Can Barack Obama really end the war in Iraq? If yes, then how long do you think it will take?
I was wondering if anyone thinks he can realistically end the war in Iraq and if so, how long do you think American troops will be in Iraq once gets into office? My friends believe maybe a couple of months while others say two years. I believe that if he is elected, they will be pulled out definitely during his first term. Anyone have any insights, I'm just curious since I'll probably head to Iraq during his administration.
jtrusnik, I found your answer to be very insightful but you said that we will always have troops in Iraq, what about a complete withdrawal like Vietnam? Its hard to imagine the US in Iraq the same way they are in Korea, Japan or other parts of the world, it just seems highly unlikely. I'm wondering what your opinion is to this is. Thanks for the answers so far.
- jtrusnikLv 71 decade agoFavorite Answer
We will always have troops in Iraq, just like we still have troops in Germany and Japan. The question that I think is more relevant is whether or not we'll have active combat brigades.
The answer is simple: nobody, regardless of political affiliation, is capable of bringing all the troops back home. Obama might be sincere in his desire to work towards bringing them back as quickly as possible, but it's completely unrealistic for two primary reasons:
1 - Iraq is not stable enough to handle its own internal security. This will lead to civil war. And when the world sees how bad it gets when we're not there, this is what they will say: "The U.S. took their country apart and left before putting it back together." With that attitude, our allies will drift further away. And, who do you think would win that civil war? A democratic group that gives everybody involved a day? Or a dictator with a powerful enough base to crush any opposition?
2 - Iraq's military is not large enough to defend it. Iran and Iraq fought from 1980-1988 over a strip of land that would give Iran better access to the Persian Gulf. Against a weakened state, Iran would have no problems taking that land.
Obama will not be able to fill the occupier duties to Iraq and still pull them out...not in 1 term, not in 2 terms. It isn't a mark against him as a candidate; it's just something that nobody could successfully do at this time. That's why he hasn't come forward with a plan about how he could accomplish this goal.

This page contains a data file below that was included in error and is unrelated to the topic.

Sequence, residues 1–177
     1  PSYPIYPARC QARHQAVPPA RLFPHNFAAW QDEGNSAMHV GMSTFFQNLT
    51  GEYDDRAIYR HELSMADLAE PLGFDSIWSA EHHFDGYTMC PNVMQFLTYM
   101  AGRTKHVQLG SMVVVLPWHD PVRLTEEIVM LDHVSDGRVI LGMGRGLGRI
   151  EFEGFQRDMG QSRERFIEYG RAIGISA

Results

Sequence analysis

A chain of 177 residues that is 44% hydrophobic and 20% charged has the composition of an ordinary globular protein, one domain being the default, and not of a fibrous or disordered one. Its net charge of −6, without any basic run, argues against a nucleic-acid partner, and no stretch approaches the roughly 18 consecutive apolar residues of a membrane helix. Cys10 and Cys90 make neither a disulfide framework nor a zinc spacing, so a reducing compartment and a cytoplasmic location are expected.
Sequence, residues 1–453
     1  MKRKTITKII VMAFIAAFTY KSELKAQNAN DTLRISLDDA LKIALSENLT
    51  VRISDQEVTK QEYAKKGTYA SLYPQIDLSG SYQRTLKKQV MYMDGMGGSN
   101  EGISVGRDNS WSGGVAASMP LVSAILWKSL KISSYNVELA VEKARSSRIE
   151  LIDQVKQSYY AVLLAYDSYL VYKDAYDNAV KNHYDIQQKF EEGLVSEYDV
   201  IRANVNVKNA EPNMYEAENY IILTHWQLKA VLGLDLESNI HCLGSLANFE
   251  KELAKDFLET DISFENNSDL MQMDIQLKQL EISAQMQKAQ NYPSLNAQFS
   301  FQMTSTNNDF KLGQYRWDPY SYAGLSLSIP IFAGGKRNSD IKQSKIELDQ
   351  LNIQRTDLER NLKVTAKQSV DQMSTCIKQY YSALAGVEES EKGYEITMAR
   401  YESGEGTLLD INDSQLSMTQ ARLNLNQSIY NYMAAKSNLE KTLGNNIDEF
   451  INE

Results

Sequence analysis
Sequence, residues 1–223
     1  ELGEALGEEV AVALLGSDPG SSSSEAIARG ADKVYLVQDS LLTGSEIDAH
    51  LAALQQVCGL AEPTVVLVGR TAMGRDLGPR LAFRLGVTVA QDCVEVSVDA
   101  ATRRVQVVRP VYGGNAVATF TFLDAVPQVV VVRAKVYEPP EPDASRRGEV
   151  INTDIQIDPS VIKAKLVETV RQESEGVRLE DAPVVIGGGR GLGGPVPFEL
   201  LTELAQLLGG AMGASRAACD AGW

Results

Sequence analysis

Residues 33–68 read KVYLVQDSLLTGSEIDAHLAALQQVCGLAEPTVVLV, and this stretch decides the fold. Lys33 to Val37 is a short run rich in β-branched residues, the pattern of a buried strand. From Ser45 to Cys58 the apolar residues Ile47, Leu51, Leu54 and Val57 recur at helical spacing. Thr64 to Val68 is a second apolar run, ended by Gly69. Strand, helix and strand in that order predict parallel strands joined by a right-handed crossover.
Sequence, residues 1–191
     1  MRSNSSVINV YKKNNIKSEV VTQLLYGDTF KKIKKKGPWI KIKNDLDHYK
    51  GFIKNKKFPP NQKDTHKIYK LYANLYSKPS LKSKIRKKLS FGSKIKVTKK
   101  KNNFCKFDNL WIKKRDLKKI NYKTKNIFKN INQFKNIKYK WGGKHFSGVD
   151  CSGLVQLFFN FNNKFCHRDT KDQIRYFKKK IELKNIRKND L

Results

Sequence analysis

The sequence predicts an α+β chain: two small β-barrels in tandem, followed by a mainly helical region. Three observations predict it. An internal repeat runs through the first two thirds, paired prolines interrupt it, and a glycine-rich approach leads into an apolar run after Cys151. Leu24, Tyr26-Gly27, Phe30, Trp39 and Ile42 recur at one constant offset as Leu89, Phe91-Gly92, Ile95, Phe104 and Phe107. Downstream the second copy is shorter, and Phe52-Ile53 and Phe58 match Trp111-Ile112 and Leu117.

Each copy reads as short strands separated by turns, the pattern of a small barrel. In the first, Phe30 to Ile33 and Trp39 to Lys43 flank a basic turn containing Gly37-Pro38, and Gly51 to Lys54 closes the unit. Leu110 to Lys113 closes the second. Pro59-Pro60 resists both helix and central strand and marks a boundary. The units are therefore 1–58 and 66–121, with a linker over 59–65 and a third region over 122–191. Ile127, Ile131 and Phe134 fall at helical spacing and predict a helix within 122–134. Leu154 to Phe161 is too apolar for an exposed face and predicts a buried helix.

Also, if you do go, I wish you luck and a safe return.Source(s): EDIT: Vietnam was a little different...we were being pushed out by a well-organized resistance group that was funded by China, and we held out as long as we could. While some Iraqi groups are being supplied and funded by Iran, most of the sects are independent of one another, and have no real loyalties to hold them together. Once we leave, they'll break into their old squabbles instead of forming one semi-unified government. A better analogy, I believe, would be to compare Iraq to the territories & peoples that eventually formed Pakistan and India...friends when unified against a common colonial enemy, bitter enemies after a hasty British exit. I do think we'll always have troops in Iraq. It's a central location in the Middle East, which gives the U.S. flexibility and speed to respond to any group or peoples that the powers-that-be deem a threat to the U.S. or its allies, be it terrorists or some state-sponsored act. The only real alternatives are Qatar and Israel (neither of which has defensive depth), Saudi Arabia (who we have been trying to rely on less and less for a variety of social reasons). Saudi Arabia also didn't really step up anti-terrorist operations until after we had attacked Iraq, signifying that, if they wouldn't help us fight the groups that threatened us, that we would find a more reliable base-of-operations. Turkey would be a great alternative to Iraq (especially considering they're a NATO country), but the Kurdish areas in the south are unstable, and often a part of the country that Turkey doesn't like having foreign power able to observe on a day-to-day basis. There were reasons why they didn't allow us to stage an invasion on Iraq from their borders. So, from a strictly strategic point of view, Iraq really is a gem if the country could be stabilized. The U.S. won't be passing on the opportunity. As I said before, I do think the combat brigades will eventually be withdrawn, I just don't think the Iraqi government will be in a position to provide security to their entire nation and be able to guard their borders in a mere 4 years. But I am optimistic that it will eventually happen.